Almond

Prunus amygdalus
Rosaceae, Rose Family
Almond
Almond
The word of the Lord came to me: “What do you see, Jeremiah?” “I see the branch of an almond tree,” I replied. The Lord said to me, “You have seen correctly, for I am watching to see that my word is fulfilled.”
Jeremiah 1:11-12 NIV
Almond
Put some of the best products of the land in your bags and take them down to the man as a gift—a little balm and a little honey, some spices and myrrh, some pistachio nuts and almonds.
Genesis 43:11 NIV

Cultural Information

TypeEdible Tree
Heightabout 20 feet
Soilwell-tilled, loamy soil with good drainage
Exposurefull sun
Leavespointed, oblong, medium green
Flowerslovely, eye-catching, silver dollar-sized, pinkish-white blossoms with central golden-tipped, bright pink stamens. Blooms first among stone fruits.
Fruitvelvety, greenish-brown stone fruits reveal edible almonds inside a dotted shell

Planting Tips

  • hardy to Zone 6, some varieties available to Zone 5
  • late frosts will interfere with almond's early bloom and setting fruits
  • choose a sunny spot with good drainage where you can enjoy seeing the showy spring flowering
  • add compost and mulch around tree base each season
  • plant several trees together for better pollination, minimum 10 feet apart
  • prune branches each season to thin overcrowding and promote strong, central structure
  • almonds are bee-pollinated, a good early spring food source for bees

Garden to Table

  • bring almond branches indoors in late winter for a showy, forced-blossom display in a large vase or jar
  • flowers have an incredible, floral scent, more rose-like than the smell of almond extract
  • set smaller sprigs in petite vases in a row down the center of the table to decorate and add their delicate scent to a dessert or tea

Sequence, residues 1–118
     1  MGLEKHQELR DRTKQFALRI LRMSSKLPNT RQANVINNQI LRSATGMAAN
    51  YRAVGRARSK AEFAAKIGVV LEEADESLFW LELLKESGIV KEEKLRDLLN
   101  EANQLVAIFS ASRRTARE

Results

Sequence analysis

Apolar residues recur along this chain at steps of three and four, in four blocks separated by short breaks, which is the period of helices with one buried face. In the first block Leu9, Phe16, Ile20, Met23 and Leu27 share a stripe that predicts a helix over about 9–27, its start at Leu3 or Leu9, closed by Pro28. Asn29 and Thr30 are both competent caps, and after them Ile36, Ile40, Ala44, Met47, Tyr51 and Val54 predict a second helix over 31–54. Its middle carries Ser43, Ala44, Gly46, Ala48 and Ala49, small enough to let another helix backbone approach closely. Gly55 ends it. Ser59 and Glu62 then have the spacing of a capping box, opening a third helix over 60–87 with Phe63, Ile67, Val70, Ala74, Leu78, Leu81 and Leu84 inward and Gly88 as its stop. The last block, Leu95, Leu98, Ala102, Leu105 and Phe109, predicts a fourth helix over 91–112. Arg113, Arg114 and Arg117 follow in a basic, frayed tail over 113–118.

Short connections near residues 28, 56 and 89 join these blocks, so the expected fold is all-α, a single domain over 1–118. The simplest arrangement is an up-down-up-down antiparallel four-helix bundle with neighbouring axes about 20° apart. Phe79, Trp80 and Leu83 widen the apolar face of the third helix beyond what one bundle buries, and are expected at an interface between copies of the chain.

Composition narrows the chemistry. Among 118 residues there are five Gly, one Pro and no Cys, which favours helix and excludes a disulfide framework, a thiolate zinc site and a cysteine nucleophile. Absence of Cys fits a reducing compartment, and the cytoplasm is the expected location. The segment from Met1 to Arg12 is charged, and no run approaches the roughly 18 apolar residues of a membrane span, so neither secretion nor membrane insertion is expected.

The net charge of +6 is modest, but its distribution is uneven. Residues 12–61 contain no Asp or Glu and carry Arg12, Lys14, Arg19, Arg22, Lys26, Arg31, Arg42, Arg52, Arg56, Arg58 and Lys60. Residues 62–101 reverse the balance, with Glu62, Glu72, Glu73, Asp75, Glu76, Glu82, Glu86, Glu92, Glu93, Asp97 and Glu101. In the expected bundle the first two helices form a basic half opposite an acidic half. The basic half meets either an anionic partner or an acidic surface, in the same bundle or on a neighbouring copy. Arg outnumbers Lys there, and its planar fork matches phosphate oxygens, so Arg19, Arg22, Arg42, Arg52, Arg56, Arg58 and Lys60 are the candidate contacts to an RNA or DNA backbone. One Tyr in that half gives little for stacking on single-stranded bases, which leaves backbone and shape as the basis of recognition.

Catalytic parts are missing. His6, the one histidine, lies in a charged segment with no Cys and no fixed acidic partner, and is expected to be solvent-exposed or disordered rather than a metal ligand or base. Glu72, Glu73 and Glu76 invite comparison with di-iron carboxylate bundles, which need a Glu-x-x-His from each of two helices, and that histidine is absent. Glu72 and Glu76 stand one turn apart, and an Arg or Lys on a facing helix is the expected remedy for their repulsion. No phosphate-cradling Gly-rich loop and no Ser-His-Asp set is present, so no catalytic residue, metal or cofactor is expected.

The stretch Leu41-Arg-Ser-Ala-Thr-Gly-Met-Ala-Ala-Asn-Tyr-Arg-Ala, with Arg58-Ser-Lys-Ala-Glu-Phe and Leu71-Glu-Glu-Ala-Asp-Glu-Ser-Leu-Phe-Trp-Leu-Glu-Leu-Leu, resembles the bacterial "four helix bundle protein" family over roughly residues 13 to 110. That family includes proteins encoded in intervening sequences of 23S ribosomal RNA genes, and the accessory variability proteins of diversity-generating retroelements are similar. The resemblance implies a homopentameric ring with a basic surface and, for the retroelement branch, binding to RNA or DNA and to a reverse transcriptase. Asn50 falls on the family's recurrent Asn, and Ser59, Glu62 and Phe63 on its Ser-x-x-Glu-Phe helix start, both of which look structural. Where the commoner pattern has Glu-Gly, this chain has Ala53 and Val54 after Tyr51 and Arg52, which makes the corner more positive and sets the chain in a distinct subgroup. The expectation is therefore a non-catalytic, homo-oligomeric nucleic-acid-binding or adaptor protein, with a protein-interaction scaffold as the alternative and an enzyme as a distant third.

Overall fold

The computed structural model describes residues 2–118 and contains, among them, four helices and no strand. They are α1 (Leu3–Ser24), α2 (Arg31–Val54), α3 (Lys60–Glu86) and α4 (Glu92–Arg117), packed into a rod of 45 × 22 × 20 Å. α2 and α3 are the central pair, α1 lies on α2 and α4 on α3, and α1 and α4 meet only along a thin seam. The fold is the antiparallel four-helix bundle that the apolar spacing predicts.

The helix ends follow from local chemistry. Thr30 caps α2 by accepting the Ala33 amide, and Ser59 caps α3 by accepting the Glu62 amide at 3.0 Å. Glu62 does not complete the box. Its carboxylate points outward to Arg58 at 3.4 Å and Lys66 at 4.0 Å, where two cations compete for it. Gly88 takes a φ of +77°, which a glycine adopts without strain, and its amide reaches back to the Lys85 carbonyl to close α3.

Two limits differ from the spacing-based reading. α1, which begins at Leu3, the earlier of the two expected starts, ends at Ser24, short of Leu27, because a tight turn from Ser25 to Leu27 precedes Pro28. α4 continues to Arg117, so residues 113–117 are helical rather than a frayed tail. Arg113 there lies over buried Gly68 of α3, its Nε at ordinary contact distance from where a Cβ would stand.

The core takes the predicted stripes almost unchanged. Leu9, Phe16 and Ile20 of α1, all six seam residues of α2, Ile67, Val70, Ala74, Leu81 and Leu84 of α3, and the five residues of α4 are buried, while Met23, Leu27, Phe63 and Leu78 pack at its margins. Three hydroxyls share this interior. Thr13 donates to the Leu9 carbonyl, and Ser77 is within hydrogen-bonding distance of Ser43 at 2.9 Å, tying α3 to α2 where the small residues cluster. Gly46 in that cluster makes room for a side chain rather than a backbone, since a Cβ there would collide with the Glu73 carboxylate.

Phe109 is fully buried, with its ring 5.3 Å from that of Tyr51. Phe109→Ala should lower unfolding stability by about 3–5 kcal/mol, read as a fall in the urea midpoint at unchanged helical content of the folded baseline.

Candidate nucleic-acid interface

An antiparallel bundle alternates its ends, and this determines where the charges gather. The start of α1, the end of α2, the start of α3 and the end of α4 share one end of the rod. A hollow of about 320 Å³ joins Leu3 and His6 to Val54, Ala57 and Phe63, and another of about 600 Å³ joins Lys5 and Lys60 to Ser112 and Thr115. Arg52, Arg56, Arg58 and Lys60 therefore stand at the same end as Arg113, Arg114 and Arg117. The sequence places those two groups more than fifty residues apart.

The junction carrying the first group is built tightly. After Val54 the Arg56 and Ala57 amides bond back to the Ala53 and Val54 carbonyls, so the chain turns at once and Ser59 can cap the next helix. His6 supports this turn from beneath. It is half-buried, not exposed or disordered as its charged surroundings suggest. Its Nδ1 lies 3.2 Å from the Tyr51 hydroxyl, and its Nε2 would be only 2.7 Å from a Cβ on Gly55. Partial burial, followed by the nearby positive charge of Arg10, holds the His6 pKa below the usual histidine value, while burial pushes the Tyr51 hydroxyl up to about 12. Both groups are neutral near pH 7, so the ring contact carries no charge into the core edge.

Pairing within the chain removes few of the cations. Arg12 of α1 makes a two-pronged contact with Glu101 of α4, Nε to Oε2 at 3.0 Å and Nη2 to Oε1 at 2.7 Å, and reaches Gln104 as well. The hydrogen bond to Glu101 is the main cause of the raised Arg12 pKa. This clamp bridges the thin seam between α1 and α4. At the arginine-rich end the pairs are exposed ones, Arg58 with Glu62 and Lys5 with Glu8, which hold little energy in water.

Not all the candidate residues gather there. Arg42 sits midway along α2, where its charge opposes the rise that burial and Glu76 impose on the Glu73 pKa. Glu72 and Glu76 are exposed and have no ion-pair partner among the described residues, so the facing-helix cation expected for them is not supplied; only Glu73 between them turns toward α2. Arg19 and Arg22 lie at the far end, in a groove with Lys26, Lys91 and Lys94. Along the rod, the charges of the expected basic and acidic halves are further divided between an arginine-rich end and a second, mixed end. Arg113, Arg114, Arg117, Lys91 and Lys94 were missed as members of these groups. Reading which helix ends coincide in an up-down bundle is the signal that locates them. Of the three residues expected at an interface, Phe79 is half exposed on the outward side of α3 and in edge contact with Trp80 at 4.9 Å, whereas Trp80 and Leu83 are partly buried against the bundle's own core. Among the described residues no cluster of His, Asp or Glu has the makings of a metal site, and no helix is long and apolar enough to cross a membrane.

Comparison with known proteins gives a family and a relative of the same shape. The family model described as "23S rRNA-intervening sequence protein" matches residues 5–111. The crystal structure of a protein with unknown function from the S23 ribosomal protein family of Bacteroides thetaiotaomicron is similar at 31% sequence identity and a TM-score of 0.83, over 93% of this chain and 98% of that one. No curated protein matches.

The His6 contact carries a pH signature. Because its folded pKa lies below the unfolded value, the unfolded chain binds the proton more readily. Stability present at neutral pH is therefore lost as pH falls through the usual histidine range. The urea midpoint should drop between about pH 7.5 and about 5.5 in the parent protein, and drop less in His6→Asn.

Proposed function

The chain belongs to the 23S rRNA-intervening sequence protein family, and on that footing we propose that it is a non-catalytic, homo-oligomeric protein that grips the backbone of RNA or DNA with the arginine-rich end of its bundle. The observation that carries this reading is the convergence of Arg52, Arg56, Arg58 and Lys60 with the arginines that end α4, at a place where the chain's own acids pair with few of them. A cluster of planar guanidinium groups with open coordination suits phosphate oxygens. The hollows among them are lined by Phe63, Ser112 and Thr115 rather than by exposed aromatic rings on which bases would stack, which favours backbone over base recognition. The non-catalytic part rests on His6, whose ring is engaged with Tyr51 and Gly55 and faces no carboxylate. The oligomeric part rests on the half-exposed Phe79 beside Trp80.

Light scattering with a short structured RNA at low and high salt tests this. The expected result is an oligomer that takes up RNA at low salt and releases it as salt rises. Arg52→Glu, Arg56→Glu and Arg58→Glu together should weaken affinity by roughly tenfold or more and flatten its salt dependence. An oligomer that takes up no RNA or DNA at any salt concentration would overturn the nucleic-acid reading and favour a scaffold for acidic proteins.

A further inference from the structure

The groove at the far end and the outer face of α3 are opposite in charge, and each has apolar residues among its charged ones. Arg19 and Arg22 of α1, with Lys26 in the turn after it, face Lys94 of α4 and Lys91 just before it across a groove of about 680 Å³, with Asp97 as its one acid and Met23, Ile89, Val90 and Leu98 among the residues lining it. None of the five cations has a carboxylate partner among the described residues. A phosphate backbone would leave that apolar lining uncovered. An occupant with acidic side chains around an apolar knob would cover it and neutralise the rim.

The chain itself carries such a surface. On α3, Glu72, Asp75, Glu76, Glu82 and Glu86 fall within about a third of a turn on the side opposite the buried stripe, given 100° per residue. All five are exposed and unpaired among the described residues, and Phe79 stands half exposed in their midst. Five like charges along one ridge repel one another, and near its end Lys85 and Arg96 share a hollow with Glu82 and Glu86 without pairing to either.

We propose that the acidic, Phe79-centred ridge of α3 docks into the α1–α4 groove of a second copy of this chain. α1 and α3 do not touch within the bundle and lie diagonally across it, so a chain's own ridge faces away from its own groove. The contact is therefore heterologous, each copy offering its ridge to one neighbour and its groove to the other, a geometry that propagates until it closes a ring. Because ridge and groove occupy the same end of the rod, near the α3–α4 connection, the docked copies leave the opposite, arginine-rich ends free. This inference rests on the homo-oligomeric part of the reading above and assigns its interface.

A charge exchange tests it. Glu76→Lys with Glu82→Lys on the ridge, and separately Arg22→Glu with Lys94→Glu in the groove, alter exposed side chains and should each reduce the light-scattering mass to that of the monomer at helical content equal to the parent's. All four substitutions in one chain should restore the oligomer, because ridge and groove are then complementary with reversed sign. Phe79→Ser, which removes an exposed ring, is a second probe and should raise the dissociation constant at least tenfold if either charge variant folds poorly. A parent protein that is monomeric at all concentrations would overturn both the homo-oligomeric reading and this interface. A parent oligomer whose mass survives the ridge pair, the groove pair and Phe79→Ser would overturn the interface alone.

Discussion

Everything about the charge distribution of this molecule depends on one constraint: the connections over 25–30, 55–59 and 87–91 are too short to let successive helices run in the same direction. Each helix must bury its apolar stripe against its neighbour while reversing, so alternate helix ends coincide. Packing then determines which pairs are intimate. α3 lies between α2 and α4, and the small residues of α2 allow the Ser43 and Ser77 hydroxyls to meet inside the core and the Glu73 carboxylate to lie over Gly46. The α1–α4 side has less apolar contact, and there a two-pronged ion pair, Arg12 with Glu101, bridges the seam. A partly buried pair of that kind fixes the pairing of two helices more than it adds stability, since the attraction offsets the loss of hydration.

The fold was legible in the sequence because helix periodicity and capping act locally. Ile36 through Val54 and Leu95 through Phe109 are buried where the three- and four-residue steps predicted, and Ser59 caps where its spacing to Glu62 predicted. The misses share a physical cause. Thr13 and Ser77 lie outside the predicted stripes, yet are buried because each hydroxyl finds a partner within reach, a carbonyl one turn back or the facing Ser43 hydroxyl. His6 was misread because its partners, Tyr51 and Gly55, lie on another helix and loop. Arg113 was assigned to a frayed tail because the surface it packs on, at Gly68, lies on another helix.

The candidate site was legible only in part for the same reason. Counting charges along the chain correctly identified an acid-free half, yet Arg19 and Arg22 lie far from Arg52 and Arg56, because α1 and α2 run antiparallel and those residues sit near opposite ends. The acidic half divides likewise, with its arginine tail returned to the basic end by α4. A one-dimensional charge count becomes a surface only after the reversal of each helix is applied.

• find raw, flavored, and sliced almonds in markets - eat all by themselves as hearty snacks or add to many cooked and baked foods
  • spread sliced almonds on a small sheet pan and toast for 2 minutes to bring out their flavor
  • sprinkle sliced, toasted almonds on cooked broccoli, spinach, or other winter greens, as well as in fresh salads, rice pilafs, or chicken salad
  • almonds go well with chocolate! add a layer of the sliced or chopped nuts to the top of brownie batter
  • try almond extract for a tangy zeal in cake and pancake batters, or poppy seed muffins
  • almond milk is now widely available as a substitution for milk and creamer; almond milk over cereal or oatmeal gives a deeper dimension of nutty flavor

Additional Resources

See Blog Posts on Almond
Almond’s early blossoming in the promised land and neighboring regions earned its reputation for heralding spring, the first tree to announce weather’s warming trend with a showy flowering...The almond branch, shaqed, that Jeremiah could see, represented God seeing or watching, shaqad, his Word being fulfilled (Jeremiah 1:11 – 12)....[watch] the Scriptures as fleeting flowers are matched with God’s Word enduring forever, fully unfolded, displayed and fulfilled (Isaiah 40:8; 1 Peter 1:24 – 25).
-from the NIV God's Word for Gardeners Bible
Almond
Put some of the best products of the land in your bags and take them down to the man as a gift—a little balm and a little honey, some spices and myrrh, some pistachio nuts and almonds.
Genesis 43:11 NIV

Photo Credits

© 2014 Shelley S. Cramm Blossoming almond orchard in Kern County, California
© 2014 Shelley S. Cramm Sweet blossoms on an almond branch
© 2015 Shelley S. Cramm Raw almonds ready for snacking
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